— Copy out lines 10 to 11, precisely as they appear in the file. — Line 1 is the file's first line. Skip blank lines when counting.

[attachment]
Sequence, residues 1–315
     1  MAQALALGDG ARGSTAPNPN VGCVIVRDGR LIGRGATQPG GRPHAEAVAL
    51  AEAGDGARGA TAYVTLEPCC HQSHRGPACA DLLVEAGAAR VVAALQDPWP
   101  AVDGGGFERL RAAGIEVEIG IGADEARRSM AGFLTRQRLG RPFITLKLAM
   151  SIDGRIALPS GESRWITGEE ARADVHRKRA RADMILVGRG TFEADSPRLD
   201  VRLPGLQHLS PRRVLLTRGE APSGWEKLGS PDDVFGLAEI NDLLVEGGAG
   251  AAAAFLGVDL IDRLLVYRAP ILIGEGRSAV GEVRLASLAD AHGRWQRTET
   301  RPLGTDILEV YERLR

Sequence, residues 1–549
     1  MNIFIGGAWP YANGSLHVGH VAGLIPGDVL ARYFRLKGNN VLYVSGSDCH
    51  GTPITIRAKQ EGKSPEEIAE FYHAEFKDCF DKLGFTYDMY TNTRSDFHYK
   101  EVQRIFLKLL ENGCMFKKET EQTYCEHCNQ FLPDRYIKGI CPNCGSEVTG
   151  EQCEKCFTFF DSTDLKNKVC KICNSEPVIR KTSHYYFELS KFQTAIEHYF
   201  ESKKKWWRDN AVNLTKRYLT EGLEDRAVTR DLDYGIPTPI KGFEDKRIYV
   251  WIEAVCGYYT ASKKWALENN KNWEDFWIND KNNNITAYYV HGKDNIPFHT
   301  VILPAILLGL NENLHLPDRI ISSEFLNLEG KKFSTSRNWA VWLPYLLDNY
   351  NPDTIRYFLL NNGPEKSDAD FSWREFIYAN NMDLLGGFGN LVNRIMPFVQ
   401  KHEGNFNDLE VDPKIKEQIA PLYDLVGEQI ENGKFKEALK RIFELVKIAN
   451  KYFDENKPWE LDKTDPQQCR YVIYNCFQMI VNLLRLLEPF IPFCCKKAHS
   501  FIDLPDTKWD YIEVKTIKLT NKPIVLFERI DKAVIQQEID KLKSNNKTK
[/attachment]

     1  MNIFIGGAWP YANGSLHVGH VAGLIPGDVL ARYFRLKGNN VLYVSGSDCH
    51  GTPITIRAKQ EGKSPEEIAE FYHAEFKDCF DKLGFTYDMY TNTRSDFHYK